PharmaCyte Biotech Successfully Completes Multiple Course Ifosfamide Study
As part of PharmaCyte’s Investigational New Drug Application (IND), the FDA required PharmaCyte to provide data showing that the encapsulated cells PharmaCyte plans to use for its clinical trial in patients with locally advanced, non-metastatic, inoperable pancreatic cancer (LAPC) are still alive and capable of converting the prodrug ifosfamide to its cancer killing form after multiple courses of ifosfamide are administered.
To provide the information required by the FDA, a series of in vitro experiments were performed with unfrozen encapsulated ifosfamide-activating cells in culture that were treated with successive courses of ifosfamide over many days. This extensive testing that was done to demonstrate the ifosfamide activating cells inside the Cell-in-a-Box® capsules can withstand multiple courses of ifosfamide administration has now been completed. The results show that the cells continue to activate ifosfamide to its cancer killing metabolite without themselves being damaged.
PharmaCyte’s Chief Executive Officer, Kenneth L. Waggoner, explained the significance of the successful study saying, “PharmaCyte’s treatment for LAPC utilizes cells that produce a particularly potent cytochrome P450 enzyme that is able to activate ifosfamide. These cells are encapsulated in the Cell-in-a-Box® technology, and the capsules are implanted near the cancerous tumor so that a high local concentration of the cancer killing, short-lived ifosfamide metabolite is produced near the tumor. Unlike the earlier two clinical trials, in our upcoming trial using the same cell-based therapy, we will be giving multiple doses of ifosfamide. We are extremely pleased that the final data from this study is positive and allows us to continue our forward momentum to filing our IND.”
Ifosfamide is a chemotherapeutic agent that is routinely used to treat a variety of cancers, including testicular cancer and non-Hodgkin’s lymphoma. Because ifosfamide is a prodrug, by itself it is not toxic to cancer cells. Ifosfamide must be activated by cytochrome P450 enzymes such as those found in the cells to be used in into a short-lived intermediate form that can enter tumor cells and kill them. Since the capsules are filled with ifosfamide-activating cells that are alive but are no longer dividing and the cell-killing effect is limited to cells that can multiply (such as those growing in a cancerous tumor); this forms the basis for the tumor selectivity of ifosfamide in PharmaCyte’s upcoming trial in patients with LAPC.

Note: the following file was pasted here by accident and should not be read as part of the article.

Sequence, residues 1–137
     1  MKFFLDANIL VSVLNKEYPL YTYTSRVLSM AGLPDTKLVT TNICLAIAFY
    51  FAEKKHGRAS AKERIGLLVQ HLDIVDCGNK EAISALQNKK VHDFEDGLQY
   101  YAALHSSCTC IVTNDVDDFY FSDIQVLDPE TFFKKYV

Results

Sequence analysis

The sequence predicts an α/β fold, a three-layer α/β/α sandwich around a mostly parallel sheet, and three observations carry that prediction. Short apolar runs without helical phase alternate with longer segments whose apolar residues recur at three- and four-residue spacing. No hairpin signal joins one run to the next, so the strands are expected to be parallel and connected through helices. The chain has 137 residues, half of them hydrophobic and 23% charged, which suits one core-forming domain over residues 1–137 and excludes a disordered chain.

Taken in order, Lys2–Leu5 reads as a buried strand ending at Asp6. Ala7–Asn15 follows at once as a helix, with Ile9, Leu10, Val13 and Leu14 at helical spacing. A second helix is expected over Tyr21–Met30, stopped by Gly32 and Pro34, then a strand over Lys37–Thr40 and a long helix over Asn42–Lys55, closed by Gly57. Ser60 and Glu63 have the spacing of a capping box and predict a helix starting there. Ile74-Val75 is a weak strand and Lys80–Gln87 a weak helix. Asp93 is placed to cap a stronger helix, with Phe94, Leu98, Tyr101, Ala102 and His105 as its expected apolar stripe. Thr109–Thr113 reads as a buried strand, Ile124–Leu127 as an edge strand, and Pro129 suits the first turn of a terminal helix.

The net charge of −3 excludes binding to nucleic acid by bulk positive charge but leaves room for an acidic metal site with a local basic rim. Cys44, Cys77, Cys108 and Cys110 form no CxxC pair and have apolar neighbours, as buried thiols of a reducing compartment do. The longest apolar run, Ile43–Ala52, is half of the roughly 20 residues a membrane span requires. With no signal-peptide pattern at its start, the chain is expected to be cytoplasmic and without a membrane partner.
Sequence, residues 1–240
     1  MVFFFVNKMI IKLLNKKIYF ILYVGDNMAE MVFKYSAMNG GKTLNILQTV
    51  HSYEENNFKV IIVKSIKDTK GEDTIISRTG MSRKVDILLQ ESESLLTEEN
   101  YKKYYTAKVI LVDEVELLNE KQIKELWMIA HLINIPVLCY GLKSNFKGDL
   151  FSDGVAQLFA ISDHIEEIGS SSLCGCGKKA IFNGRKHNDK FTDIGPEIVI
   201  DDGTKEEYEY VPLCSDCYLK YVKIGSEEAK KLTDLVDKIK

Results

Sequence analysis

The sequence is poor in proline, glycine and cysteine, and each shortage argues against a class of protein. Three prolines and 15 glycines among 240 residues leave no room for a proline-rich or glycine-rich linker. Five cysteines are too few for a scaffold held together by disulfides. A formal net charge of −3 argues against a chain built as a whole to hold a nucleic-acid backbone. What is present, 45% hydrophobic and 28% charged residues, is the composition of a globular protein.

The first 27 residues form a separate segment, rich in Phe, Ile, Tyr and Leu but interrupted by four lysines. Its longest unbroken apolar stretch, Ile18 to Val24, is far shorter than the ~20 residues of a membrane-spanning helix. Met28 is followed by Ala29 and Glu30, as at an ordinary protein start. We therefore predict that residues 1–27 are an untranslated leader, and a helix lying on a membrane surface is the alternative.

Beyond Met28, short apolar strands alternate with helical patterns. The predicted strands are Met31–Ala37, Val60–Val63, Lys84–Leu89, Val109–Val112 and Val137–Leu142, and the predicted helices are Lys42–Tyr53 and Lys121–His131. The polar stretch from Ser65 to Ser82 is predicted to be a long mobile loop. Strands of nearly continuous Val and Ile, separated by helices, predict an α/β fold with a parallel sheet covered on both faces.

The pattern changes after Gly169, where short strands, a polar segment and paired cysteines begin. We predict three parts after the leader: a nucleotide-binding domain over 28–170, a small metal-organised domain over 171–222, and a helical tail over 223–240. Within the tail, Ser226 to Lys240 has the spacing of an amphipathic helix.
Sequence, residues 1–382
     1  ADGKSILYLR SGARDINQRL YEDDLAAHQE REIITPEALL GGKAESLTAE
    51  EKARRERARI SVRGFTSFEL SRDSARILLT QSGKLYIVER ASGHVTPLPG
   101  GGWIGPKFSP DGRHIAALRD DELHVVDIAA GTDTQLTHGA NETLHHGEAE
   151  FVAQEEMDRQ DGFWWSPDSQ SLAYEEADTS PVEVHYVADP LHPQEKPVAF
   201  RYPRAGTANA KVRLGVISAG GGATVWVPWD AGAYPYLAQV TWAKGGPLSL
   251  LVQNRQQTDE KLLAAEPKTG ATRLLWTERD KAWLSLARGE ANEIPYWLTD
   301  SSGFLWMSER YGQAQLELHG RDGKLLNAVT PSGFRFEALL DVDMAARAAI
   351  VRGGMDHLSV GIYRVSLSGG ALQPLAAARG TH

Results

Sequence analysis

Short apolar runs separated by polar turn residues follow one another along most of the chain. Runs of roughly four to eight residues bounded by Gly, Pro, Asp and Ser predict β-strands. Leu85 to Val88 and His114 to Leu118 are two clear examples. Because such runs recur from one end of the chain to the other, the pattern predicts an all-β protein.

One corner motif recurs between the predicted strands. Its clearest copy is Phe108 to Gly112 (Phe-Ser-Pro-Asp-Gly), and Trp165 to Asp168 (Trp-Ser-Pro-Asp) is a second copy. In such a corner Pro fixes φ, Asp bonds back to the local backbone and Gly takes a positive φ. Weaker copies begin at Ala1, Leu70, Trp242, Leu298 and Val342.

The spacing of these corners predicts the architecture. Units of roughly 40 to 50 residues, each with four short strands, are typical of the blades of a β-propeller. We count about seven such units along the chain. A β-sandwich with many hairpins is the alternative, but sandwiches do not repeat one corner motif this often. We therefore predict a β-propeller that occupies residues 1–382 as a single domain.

About PharmaCyte Biotech
PharmaCyte Biotech is a clinical stage biotechnology company developing cellular therapies for cancer and diabetes based upon a proprietary cellulose-based live cell encapsulation technology known as “Cell-in-a-Box®.” This technology will be used as a platform upon which therapies for several types of cancer and diabetes are being developed.
PharmaCyte’s therapy for cancer involves encapsulating genetically engineered human cells that convert an inactive chemotherapy drug into its active or “cancer-killing” form. For pancreatic cancer, these encapsulated cells are implanted in the blood supply to the patient’s tumor as close as possible to the site of the tumor. Once implanted, a chemotherapy drug that is normally activated in the liver (ifosfamide) is given intravenously at one-third the normal dose. The ifosfamide is carried by the circulatory system to where the encapsulated cells have been implanted. When the ifosfamide flows through pores in the capsules, the live cells inside act as a “bio-artificial liver” and activate the chemotherapy drug at the site of the cancer. This “targeted chemotherapy” has proven effective and safe to use in past clinical trials and results in no treatment related side effects.
PharmaCyte’s therapy for Type 1 diabetes and insulin-dependent Type 2 diabetes involves encapsulating a human cell line that has been genetically engineered to produce, store and release insulin in response to the levels of blood sugar in the human body and/or beta islet cells. The encapsulation will be done using the Cell-in-a-Box® technology. Once the encapsulated cells are implanted in a diabetic patient, they will function as a “bio-artificial pancreas” for purposes of insulin production.
This press release contains forward-looking statements, which are generally statements that are not historical facts. Forward-looking statements can be identified by the words “expects,” “anticipates,” “believes,” “intends,” “estimates,” “plans,” “will,” “outlook” and similar expressions. Forward-looking statements are based on management’s current plans, estimates, assumptions and projections, and speak only as of the date they are made. We undertake no obligation to update any forward-looking statement because of new information or future events, except as otherwise required by law. Forward-looking statements involve inherent risks and uncertainties, most of which are difficult to predict and are generally beyond our control. Actual results or outcomes may differ materially from those implied by the forward-looking statements due to the impact of numerous risk factors, many of which are discussed in more detail in our Annual Report on Form 10-K and our other reports filed with the Securities and Exchange Commission.
More information about PharmaCyte Biotech can be found at www.PharmaCyte.com. Information may also be obtained by contacting PharmaCyte’s Investor Relations Department.
PharmaCyte Biotech, Inc.
Dr. Gerald W. Crabtree, 917.595.2856
Investor Relations Department
Source: PharmaCyte Biotech, Inc.